As for scratches on the down tubes, just keep the jaws clean and it's not an issue.

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    I have the Rock Mounts full tray, fork dropout clamp style racks, and Berthoud fenders with mud flaps. I am able to set the bottom of the front fender outside the tray, and still clamp the fork securely. It is not ideal, but it works when necessary.
     

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    Why hasn't someone invented a full tray, keep the front wheel on mount, wide based mount that clamps the rear skewer in the same way that a trainer holds a bike? Seems like that could work. All that would then be needed is a strap to keep the front wheel from twisting in the tray.
     

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    I cut mine down and added a long leather mudflap.
     

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    Quote Originally Posted by JLP View Post
    I cut mine down and added a long leather mudflap.

    I'm using SKS fenders but did the same thing.
     

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    Default I think you're right Gary

    Quote Originally Posted by GSmith View Post
    Reading this I'm curious why the obvious solution of a full tray mount that leaves the front wheel on and secures the bike via a down tube clamp isn't the simple answer.

    I've used various incarnations from Thule for over 20 years with zero issues (just keep the down tube clamp jaws clean or you will get scratches). At the same time, I've seen several damaged forks from fork mounted racks.

    In general, when I talk to folks there seems to be some bias against full trays, and some belief that fork mounts are more secure.

    Thoughts here???
    My bias against the down tube clamp jaws is for the exact reason that you mention. I've always been reluctant to put a clamp on a painted frame, where as my dropouts get clamped all the time. It also always looked to me like racks using the down tube clamp moved around and wobbled a lot, which left me with the impression that they were less secure. It wasn't a verified fact for me, just my impression.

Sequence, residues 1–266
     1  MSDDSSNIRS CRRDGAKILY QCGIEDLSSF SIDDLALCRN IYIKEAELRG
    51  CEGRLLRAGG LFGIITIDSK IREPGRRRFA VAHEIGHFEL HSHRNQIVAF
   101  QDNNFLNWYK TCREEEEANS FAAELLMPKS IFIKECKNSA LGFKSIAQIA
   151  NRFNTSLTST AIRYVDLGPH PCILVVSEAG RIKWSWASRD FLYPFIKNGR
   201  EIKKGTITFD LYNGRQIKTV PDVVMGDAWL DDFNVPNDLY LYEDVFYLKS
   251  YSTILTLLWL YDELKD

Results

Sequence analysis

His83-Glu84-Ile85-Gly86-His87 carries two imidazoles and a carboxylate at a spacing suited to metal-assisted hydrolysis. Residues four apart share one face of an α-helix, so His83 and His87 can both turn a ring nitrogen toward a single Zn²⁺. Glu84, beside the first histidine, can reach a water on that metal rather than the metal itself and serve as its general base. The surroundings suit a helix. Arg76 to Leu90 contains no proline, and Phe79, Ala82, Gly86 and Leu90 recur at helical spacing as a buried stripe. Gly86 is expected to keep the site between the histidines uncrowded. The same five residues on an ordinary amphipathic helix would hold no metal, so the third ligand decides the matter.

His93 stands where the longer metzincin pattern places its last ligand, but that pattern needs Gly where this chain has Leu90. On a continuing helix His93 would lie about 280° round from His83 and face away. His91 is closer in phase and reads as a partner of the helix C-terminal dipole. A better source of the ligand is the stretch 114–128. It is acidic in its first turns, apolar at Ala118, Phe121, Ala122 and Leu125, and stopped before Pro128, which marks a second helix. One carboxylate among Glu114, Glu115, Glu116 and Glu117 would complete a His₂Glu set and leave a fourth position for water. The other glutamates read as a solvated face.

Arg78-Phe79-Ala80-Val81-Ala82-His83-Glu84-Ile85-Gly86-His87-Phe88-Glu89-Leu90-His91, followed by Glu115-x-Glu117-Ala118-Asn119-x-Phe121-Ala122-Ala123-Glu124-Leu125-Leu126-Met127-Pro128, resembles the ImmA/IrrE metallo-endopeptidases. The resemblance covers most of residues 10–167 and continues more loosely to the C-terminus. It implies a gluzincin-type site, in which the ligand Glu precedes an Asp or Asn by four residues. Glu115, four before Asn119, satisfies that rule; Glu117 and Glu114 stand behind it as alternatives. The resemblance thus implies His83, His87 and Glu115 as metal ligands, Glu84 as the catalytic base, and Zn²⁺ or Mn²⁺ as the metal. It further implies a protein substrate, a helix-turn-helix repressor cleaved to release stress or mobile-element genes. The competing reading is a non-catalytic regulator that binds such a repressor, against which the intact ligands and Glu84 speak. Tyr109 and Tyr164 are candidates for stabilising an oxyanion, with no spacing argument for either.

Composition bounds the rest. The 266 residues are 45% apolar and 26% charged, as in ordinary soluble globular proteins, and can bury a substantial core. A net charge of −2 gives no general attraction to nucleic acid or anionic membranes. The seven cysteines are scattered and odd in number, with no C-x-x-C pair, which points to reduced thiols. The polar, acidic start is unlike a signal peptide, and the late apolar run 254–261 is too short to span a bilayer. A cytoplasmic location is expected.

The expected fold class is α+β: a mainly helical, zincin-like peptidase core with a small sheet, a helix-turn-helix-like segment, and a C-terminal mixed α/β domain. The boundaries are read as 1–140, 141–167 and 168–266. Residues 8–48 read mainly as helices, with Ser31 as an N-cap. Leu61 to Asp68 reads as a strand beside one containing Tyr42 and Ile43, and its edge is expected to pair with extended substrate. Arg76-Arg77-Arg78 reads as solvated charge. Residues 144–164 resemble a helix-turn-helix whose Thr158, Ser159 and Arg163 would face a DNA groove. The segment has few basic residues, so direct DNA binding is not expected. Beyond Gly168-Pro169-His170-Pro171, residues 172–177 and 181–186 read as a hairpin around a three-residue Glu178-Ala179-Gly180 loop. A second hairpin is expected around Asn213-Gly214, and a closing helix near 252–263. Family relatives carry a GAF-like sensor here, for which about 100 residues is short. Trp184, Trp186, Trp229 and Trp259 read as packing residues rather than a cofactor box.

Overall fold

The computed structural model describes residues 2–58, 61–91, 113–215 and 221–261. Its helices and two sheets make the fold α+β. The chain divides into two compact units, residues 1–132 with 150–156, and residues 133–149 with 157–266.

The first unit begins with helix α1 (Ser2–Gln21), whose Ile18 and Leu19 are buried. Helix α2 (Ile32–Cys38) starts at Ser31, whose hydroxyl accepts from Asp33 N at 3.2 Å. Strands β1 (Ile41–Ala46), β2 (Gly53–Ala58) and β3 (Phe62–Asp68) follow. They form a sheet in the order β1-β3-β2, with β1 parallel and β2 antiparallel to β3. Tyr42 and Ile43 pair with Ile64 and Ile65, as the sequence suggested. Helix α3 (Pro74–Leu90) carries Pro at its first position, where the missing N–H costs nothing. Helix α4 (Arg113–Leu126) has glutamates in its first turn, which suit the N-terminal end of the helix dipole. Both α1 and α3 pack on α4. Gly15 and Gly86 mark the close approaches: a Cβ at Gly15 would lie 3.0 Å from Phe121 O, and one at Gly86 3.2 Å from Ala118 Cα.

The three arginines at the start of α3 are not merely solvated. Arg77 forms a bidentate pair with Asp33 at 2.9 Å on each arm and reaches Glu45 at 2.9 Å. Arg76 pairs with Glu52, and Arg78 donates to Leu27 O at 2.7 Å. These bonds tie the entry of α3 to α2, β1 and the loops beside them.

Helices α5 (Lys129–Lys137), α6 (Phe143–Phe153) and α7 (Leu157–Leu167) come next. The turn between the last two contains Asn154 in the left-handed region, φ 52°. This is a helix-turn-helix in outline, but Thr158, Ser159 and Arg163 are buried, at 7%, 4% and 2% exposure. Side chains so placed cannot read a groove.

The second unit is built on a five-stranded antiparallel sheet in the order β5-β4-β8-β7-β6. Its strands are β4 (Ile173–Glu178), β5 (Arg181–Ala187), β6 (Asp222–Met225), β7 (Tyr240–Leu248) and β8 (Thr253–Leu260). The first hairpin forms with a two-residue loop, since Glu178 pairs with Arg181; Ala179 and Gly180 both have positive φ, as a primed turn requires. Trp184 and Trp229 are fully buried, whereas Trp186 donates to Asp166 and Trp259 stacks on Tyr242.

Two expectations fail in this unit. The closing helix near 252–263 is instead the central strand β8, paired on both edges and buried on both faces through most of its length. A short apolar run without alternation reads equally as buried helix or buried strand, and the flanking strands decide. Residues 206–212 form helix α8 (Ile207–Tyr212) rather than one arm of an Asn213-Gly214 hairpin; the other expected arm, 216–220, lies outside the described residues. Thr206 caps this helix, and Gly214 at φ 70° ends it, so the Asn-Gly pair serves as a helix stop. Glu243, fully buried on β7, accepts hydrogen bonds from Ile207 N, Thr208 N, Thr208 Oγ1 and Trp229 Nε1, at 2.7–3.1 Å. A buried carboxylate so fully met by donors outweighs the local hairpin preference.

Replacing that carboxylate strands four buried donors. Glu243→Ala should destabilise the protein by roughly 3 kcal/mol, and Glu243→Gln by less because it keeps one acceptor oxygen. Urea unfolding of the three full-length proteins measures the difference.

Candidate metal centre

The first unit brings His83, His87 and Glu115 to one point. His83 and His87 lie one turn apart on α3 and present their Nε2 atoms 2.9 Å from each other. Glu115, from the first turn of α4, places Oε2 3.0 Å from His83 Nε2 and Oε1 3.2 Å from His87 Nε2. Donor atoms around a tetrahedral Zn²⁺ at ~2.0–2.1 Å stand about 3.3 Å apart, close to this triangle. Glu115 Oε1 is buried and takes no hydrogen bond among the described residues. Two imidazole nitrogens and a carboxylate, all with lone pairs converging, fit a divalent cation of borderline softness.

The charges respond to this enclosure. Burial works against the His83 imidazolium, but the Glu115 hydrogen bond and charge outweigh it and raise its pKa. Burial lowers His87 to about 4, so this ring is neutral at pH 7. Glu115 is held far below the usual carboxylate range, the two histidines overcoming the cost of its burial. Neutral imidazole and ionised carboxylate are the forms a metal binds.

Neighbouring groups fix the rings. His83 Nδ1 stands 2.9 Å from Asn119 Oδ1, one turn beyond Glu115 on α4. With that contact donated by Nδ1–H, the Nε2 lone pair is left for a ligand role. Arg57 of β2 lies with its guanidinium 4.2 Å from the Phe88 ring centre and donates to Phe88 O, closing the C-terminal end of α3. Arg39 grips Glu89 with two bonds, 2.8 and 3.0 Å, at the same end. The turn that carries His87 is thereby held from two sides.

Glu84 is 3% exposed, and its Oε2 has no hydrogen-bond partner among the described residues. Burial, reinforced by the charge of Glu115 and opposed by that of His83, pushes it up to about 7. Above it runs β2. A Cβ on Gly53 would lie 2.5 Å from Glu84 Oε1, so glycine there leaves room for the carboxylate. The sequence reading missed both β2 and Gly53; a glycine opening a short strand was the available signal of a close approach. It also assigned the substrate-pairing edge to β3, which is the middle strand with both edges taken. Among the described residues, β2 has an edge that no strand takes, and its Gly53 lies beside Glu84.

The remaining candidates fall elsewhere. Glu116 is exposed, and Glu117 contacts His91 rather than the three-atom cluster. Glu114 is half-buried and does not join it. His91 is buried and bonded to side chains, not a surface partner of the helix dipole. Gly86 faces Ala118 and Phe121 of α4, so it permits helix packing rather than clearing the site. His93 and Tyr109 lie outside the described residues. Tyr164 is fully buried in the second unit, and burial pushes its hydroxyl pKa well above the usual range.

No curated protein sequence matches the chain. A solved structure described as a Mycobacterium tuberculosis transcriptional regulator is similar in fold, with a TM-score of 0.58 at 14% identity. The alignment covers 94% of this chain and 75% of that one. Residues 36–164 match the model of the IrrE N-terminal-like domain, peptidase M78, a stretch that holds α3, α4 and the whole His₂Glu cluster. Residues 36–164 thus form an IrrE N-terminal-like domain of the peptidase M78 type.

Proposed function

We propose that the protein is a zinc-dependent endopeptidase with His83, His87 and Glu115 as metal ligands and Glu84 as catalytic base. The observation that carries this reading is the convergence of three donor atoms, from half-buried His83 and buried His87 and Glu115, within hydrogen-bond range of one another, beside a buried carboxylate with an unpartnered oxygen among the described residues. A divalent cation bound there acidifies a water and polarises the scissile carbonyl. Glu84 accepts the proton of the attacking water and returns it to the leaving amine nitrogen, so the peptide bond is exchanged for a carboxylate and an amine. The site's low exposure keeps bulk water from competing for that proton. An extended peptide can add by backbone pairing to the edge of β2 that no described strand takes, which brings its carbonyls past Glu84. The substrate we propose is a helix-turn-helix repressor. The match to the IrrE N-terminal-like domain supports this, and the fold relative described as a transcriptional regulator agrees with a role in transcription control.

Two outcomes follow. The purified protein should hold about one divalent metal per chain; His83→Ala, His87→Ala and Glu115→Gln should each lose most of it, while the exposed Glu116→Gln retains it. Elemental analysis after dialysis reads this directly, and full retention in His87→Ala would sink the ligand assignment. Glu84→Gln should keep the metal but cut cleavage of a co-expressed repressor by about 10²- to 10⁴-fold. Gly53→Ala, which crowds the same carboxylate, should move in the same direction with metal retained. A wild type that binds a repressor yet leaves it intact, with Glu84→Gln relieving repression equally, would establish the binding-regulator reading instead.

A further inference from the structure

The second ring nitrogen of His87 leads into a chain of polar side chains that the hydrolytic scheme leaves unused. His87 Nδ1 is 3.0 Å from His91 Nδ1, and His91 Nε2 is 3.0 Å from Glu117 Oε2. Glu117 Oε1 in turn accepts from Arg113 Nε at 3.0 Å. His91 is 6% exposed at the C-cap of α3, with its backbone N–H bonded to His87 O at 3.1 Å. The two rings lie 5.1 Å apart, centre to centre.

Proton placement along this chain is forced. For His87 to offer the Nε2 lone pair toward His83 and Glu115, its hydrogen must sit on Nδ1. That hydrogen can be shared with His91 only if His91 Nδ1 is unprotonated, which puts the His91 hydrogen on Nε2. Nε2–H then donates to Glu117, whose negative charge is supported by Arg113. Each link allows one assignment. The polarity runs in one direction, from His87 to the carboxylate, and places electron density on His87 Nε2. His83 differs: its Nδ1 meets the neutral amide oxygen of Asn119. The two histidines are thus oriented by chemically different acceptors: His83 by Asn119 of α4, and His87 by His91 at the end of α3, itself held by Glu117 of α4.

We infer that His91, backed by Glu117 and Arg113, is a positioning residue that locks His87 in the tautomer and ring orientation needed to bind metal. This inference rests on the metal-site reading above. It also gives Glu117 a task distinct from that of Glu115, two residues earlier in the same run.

With all of that said, it seems pretty clear that the down tube clamp style is the best option for me. I'll probably hit ebay to find a Thule version (only because it will fit my existing rectangular Thule cross bars) of this style tray and put it smack dab in the middle of my current trays. It will be able to transport my fendered bikes and I'll have a third bike tray for moving one bike, so it's a win-win situation.

    Someone suggested a tow hitch rack, which would probably work too, but we have a Golf, which isn't exactly designed with towing in mind, so we donít have a tow hitch on it now. Additionally, since itís a hatchback, that type of rack would at least partially obscure the rear lift gate, which would sorta defeat the purpose of a hatchback. Itís probably a good solution for some, but not for me specifically.

    I definitely considered modifying the fender, but I like the way they look and that length is an important part of there function. Right now, they are long enough that they donít really require a mud flap and Iím not too excited about hacking up almost $100 in fenders.

    When I made the OP I thought perhaps there was some magic trick or simple modification I could make that would solve the problem. I guess I was also looking for a DIY solution that didnít require any new equipment, because buying car roof racks for bikes is not one of the fulfilling purchases I have to make. Unfortunately, sometimes, throwing money at the problem really is the most elegant solution. Thanks for all the suggestions, the help is appreciated.
     

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    FYI. You dont have to limit yourself to Thule. The Yakima upright carriers will also fit Thule bars.